(9). XP for gold, or XP for objectives (thieves disarming traps, etc…)? XP for gold spent seems to have the benefit of objectivity and also (bonus) requires little work on the part of the referee.
(10). Which is the best edition; ODD, Holmes, Moldvay, Mentzer, Rules Cyclopedia, 1E ADD, 2E ADD, 3E ADD, 4E ADD, Next? I think B/X (Moldvay Basic and Cook/Marsh Expert) is the tightest and most approachable. OD&D has a lot of hidden virtues, and in some ways has my favorite engine. It requires a lot of work to fill in the gaps though, which is both a benefit and a drawback. AD&D has some inspirational content (DMG demon generator, Fiend Folio), but as a whole is way too complex for me, and begins many negative trends, such as making ability scores too important (and thus making randomly generated characters less attractive to play). 3E had a lot of good ideas for streamlining game mechanics, but became too much about character optimization. High level characters also differ too much in power from low level characters (I prefer a more gradual power curve). 4E also introduced some innovations, but it homogenizes the classes too much in pursuit of balance, rests too much on numerical illusionism, and requires miniatures to get full use of the tactical depth available in the rules. 5E has some useful concepts like bounded accuracy, and interesting mechanics like advantage, but it remains to be seen what the final product will look like, and whether the modularity will support a game simple enough to appeal to me. My favorite D&D art is probably from Moldvay Basic, AD&D, and some parts of 2E.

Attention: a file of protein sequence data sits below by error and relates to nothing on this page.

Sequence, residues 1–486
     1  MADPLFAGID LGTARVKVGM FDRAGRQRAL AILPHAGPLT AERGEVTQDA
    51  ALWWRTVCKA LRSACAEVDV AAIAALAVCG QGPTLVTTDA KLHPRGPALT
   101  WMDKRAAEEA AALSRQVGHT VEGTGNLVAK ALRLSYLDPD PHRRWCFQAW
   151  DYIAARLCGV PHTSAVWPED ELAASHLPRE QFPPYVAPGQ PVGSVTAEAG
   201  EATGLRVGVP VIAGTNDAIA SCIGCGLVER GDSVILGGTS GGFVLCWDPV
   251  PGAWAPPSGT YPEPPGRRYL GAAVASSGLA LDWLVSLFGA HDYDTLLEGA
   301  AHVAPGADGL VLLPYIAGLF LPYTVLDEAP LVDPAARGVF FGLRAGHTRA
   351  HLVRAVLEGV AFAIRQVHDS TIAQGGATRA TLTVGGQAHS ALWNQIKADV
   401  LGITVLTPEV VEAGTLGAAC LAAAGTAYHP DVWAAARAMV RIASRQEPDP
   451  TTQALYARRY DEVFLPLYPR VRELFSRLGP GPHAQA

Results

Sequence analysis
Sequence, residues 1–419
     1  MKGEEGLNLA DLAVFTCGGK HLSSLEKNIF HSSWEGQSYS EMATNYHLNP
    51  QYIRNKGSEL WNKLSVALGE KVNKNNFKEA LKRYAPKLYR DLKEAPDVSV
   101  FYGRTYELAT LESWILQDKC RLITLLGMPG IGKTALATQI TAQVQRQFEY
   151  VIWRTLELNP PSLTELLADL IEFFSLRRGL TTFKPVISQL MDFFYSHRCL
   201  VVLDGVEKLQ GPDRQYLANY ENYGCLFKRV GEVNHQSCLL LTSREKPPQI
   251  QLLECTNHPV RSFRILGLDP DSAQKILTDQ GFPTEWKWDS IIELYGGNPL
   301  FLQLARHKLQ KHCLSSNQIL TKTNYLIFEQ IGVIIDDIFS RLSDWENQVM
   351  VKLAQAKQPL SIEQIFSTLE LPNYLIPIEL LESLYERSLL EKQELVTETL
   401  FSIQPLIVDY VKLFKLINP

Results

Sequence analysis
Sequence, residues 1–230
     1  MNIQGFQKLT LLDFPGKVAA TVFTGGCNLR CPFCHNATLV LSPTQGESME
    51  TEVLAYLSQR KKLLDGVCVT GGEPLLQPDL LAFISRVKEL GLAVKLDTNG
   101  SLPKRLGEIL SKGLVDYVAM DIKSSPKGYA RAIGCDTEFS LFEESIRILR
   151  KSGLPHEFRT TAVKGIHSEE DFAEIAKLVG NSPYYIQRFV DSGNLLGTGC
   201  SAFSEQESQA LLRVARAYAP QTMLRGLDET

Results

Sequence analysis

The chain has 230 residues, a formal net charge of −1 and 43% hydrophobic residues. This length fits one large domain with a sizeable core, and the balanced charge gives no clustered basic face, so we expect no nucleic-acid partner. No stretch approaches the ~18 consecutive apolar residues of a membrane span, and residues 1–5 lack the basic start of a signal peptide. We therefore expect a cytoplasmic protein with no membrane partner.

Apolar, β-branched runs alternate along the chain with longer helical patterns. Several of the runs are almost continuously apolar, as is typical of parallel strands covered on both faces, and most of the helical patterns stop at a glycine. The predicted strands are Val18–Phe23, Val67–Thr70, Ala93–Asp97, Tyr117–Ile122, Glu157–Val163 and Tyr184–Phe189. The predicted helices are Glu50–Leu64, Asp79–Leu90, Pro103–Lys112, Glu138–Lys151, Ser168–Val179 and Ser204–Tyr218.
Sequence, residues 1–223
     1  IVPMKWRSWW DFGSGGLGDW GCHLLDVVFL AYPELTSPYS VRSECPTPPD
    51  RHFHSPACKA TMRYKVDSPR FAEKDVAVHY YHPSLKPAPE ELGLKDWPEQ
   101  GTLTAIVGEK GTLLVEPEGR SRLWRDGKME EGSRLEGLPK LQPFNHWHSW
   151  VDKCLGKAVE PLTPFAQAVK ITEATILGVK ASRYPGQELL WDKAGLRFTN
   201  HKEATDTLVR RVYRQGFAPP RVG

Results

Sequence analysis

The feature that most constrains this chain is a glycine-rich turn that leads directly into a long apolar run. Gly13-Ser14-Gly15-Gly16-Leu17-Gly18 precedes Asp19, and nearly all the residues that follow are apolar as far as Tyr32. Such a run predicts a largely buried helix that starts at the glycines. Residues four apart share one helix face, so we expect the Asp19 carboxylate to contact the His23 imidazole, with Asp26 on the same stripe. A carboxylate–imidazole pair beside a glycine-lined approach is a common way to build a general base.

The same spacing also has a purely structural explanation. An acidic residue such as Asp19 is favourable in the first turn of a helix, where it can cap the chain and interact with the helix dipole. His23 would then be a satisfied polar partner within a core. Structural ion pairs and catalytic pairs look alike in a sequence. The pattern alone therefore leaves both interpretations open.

Bonus Question: Unified XP level tables or individual XP level tables for each class? Either way. I’m tempted to just have everyone use the fighter progression, even in older games, because I don’t think it really matters.
So, you’ve previously mentioned the ‘unlocking’ aspect of Pavelhorn (and perhaps other proposed games). I’m curious if you have any more you could say on the subject of ‘unlocking’ as a game element. Do you think it has any serious effect on gameplay, i.e. do players feel incentive to go investigate something that seems likely to ‘unlock’ a new class or race? Or is unlocking too uncommon or unpredictable in the way you manage it for it to have a noticeable effect on gameplay decisions? Certainly in JRPGs, I know I feel a very strong incentive to go unlock a new type of magic or a new character, etc, as soon as the option becomes available. I’d be interested to hear more of your thoughts on this subject.